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The Day Notre Dame Students Pummeled the Ku Klux Klan

One fine May morning in 1924, the Ku Klux Klan gathered for a rally in South Bend, Indiana. They had high hopes of engaging a crowd with their fiery speeches. After all, they were in friendly territory.

Fresh off a controversial leadership election in Indianapolis, Indiana, there was no reason for Klansmen to have any apprehension about holding a morale booster in South Bend. Indiana was Klan territory, with an estimated one in three native born white men sworn members within state lines. Just a few months later, Klansman Ed Jackson would be elected governor.

It was only when Klansmen found themselves guided into alleys and surrounded by an irate gang of Catholic students from nearby Notre Dame University that they realized mobilizing in South Bend may have been a very bad idea.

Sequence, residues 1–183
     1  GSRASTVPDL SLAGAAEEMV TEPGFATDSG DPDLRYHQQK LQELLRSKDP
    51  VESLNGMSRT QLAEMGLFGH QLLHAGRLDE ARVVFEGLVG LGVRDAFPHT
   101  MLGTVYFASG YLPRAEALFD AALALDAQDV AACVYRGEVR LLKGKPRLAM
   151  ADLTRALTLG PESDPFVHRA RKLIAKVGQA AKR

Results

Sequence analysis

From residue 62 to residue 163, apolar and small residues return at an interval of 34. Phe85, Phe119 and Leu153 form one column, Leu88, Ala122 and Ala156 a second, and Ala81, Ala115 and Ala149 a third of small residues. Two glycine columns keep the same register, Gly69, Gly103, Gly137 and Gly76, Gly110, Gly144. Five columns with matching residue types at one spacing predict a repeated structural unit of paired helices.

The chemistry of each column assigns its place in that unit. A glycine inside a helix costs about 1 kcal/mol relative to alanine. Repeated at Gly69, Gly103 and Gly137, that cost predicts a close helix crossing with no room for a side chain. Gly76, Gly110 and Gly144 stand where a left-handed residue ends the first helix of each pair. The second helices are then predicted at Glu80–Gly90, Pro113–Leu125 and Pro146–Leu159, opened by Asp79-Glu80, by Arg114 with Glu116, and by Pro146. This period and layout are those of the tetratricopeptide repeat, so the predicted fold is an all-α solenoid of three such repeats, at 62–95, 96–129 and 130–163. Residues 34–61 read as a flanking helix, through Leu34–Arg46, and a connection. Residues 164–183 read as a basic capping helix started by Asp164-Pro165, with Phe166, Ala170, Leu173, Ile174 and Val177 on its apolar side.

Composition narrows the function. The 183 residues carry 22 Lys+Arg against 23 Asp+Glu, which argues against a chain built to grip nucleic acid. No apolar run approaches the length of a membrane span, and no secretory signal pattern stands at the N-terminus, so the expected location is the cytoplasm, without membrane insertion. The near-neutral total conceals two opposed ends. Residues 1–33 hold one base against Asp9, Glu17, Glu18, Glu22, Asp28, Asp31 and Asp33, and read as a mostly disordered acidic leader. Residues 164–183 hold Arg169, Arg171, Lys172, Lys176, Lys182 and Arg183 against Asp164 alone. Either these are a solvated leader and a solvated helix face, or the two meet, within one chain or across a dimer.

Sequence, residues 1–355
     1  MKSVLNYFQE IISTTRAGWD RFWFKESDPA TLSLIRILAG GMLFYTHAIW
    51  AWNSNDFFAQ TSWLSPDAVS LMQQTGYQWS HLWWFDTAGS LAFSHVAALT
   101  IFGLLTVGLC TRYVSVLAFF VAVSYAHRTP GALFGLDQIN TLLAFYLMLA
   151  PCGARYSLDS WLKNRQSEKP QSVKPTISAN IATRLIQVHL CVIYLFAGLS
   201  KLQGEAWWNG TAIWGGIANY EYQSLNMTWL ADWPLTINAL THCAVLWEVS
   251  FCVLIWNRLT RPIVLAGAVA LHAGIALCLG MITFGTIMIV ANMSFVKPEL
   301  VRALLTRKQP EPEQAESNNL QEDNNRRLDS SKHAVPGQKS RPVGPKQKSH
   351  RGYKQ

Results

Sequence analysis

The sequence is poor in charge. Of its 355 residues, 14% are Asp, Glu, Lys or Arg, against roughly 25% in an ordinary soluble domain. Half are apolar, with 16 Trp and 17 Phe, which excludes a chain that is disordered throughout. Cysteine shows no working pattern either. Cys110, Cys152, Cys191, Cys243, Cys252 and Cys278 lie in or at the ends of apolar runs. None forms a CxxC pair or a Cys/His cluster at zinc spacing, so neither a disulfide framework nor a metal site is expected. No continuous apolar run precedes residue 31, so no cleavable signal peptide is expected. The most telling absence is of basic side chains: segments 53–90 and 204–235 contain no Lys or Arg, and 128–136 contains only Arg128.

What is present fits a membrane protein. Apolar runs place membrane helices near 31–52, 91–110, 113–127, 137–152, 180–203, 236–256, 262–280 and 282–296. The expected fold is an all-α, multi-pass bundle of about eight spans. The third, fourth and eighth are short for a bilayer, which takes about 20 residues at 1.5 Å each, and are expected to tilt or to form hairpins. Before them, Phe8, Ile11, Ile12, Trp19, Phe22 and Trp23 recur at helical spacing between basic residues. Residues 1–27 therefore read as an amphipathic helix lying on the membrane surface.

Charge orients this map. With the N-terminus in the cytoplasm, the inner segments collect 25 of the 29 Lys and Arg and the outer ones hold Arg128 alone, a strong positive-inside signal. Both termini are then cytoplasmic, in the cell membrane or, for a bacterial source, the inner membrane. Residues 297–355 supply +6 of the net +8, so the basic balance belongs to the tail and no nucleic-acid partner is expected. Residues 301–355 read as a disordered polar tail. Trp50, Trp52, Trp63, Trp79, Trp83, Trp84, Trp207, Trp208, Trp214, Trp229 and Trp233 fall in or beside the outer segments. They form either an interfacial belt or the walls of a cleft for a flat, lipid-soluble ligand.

The Klan wanted a rally. What they got was a full-scale riot.

That was not the reaction the Klan was used to at the time. Read the story of that riot and the pushback that continued for days afterward, at Mental Floss.

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